The New Yorker just ran an excellent essay looking at some thorny educational issues: why do so many people go to college today? Are they getting much out of it? Should college be different? The author sympathetically looks at different angles to these issues, and addresses recent ideas and research on them. At one point, though, to illustrate a section where he debates the value of liberal arts training for vocational majors, for writes:
Still, students pursuing vocational degrees are almost always required to take some liberal-arts courses. Let’s say that you want a bachelor’s degree in Culinary Arts Management, with a Beverage Management major, from the University of Nevada Las Vegas. (Hmm. I might have taken a wrong turn in my education somewhere.) To get this degree, U.N.L.V. requires you to take two courses in English (Composition and World Literature), one course in philosophy, one course in either history or political science, courses in chemistry, mathematics, and economics, and two electives in the arts and humanities. If your professional goal is, let’s say, running the beverage service at the Bellagio, how much effort are you going to put into that class on World Literature?
Since I’ve actually taught World Literature to business majors at UNLV, please let me offer an answer.
I quite agree with the article that most college students today attend to get credentialed for the job they want. However, as the author often notes (and truly seems to believe), even the hard-nosed white-collar wannabes filling college today usually come with a kernel of humanistic longing in them. They may not be very good at it, at first, or even very passionate about it, ultimately, but they do intrinsically understand the seriousness of school, and that part of it requires an immersion in the Great Books. Students generally get on board with that and do their best to get the most out of it that they can.
And though the author’s scenario above might sound snarky, most of his work would back that up and demonstrate the value of us, as liberal arts teachers, continuing to fight the good fight.
Consider the author’s own avowed rationale for higher education:
I could have said, “You’re reading these books because they teach you things about the world and yourself that, if you do not learn them in college, you are unlikely to learn anywhere else.” This reflects a different theory of college, a theory that runs like this: In a society that encourages its members to pursue the career paths that promise the greatest personal or financial rewards, people will, given a choice, learn only what they need to know for success. They will have no incentive to acquire the knowledge and skills important for life as an informed citizen, or as a reflective and culturally literate human being. College exposes future citizens to material that enlightens and empowers them, whatever careers they end up choosing.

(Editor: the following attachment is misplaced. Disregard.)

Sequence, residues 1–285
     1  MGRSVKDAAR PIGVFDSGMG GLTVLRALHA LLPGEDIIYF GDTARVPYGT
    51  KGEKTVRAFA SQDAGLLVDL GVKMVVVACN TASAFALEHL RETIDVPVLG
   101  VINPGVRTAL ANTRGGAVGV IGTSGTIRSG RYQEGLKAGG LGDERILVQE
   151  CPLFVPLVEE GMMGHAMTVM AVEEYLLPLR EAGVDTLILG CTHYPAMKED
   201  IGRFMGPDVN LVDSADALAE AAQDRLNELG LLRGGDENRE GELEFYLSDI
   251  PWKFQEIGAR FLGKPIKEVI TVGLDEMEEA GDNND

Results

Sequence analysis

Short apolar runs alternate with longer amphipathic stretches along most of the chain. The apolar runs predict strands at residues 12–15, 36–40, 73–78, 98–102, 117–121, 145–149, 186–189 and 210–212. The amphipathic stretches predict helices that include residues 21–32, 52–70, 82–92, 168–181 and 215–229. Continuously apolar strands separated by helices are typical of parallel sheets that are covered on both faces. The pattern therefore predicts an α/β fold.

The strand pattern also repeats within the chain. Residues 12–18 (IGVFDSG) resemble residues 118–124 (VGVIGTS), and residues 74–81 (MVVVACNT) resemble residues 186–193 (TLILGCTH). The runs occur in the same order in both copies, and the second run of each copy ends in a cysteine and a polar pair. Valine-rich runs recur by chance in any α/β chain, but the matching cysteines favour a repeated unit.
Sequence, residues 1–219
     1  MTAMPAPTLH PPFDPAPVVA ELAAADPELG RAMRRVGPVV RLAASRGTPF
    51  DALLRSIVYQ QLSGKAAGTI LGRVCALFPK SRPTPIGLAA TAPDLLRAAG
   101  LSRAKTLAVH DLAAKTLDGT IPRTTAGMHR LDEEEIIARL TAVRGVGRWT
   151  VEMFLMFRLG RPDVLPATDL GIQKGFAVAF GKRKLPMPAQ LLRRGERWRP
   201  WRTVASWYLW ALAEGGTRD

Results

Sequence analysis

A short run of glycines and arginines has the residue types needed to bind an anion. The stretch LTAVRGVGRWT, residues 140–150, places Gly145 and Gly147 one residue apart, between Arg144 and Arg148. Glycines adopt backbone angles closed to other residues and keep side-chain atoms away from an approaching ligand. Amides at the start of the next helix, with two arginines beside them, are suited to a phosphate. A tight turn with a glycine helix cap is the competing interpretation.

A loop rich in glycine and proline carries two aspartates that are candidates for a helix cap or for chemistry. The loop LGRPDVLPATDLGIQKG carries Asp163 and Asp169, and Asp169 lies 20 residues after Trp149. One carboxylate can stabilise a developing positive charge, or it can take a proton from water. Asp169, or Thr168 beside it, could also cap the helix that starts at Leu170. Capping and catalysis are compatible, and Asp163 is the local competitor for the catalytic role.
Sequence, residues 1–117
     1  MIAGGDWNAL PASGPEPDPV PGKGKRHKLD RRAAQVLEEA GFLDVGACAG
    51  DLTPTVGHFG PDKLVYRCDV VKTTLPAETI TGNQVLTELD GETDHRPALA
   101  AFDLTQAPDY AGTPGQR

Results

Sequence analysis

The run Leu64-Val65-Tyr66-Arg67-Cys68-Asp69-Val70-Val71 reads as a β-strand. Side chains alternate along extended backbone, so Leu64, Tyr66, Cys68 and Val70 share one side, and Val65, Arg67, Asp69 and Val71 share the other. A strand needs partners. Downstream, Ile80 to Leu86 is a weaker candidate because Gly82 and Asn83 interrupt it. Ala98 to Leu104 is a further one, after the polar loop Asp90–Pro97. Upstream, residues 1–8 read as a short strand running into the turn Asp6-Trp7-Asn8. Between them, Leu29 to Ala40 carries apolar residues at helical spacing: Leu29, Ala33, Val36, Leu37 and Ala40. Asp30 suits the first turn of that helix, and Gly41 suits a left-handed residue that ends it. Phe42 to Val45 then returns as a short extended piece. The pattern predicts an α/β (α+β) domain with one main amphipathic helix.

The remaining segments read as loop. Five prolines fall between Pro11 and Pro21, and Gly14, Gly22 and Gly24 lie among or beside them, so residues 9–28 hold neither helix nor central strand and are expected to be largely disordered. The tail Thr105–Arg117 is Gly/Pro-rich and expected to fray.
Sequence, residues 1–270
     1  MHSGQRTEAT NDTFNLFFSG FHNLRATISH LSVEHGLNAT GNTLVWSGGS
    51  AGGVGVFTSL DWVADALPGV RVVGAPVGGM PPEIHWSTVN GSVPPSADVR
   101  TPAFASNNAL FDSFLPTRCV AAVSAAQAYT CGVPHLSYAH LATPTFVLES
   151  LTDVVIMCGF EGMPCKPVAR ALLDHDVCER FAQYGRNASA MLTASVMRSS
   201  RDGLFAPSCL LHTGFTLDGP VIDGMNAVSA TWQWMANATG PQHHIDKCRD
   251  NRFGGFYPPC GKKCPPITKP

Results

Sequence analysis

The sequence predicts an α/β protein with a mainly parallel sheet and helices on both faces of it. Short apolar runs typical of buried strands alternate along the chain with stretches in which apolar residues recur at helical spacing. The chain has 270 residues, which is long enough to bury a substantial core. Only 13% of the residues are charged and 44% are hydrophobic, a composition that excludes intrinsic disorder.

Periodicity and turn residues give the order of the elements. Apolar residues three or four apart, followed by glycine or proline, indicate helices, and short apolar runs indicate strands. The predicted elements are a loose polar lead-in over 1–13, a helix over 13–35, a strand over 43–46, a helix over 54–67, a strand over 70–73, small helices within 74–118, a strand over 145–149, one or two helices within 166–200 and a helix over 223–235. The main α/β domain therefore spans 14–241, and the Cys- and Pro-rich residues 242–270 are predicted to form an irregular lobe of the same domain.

Indeed, even the business majors at UNLV are aware of a thing called the Great Conversation, and want to be equipped to participate. Countless classroom discussions about what we can learn from the classics reinforces this.
And there are a couple of great paragraphs about rigorous reading and writing expectations being crucial for the kind of overall academic success that’s often lacking nationwide in college.
First of all, students who are better prepared academically for college not only do better when they get to college; they improve more markedly while they’re there. And students who take courses requiring them to write more than twenty pages a semester and to read more than forty pages a week show greater improvement.
“I have come to think,” he says, “that the two most crucial ingredients in the mysterious mix that makes a good writer may be (1) having read enough throughout a lifetime to have internalized the rhythms of the written word, and (2) refining the ability to mimic those rhythms.” This makes sense. If you read a lot of sentences, then you start to think in sentences, and if you think in sentences, then you can write sentences, because you know what a sentence sounds like. Someone who has reached the age of eighteen or twenty and has never been a reader is not going to become a writer in fifteen weeks. On the other hand, it’s not a bad thing for such a person to see what caring about “things that probably aren’t that exciting to most people” looks like. A lot of teaching is modelling.
Certainly, such things should encourage us to keep polishing these diamonds in the rough as much as we can. Because diamonds they doubtless are.
Even the business majors at UNLV.